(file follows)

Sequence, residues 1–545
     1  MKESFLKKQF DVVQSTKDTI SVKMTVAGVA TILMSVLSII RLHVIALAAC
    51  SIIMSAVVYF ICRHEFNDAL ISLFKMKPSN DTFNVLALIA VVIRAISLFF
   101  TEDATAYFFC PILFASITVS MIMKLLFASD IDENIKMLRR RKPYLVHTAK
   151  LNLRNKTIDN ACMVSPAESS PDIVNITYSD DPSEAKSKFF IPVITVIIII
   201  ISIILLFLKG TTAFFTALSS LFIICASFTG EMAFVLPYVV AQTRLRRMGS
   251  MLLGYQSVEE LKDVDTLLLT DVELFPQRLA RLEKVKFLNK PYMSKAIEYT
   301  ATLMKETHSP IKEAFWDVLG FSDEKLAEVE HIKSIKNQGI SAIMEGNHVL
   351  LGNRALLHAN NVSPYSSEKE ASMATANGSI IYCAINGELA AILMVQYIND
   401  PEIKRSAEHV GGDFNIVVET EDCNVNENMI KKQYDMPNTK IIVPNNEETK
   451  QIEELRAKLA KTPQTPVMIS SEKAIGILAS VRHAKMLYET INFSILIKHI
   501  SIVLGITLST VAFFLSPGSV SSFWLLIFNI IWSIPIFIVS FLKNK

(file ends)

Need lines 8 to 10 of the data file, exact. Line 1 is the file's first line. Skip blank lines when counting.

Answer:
   301  ATLMKETHSP IKEAFWDVLG FSDEKLAEVE HIKSIKNQGI SAIMEGNHVL
   351  LGNRALLHAN NVSPYSSEKE ASMATANGSI IYCAINGELA AILMVQYIND
   401  PEIKRSAEHV GGDFNIVVET EDCNVNENMI KKQYDMPNTK IIVPNNEETK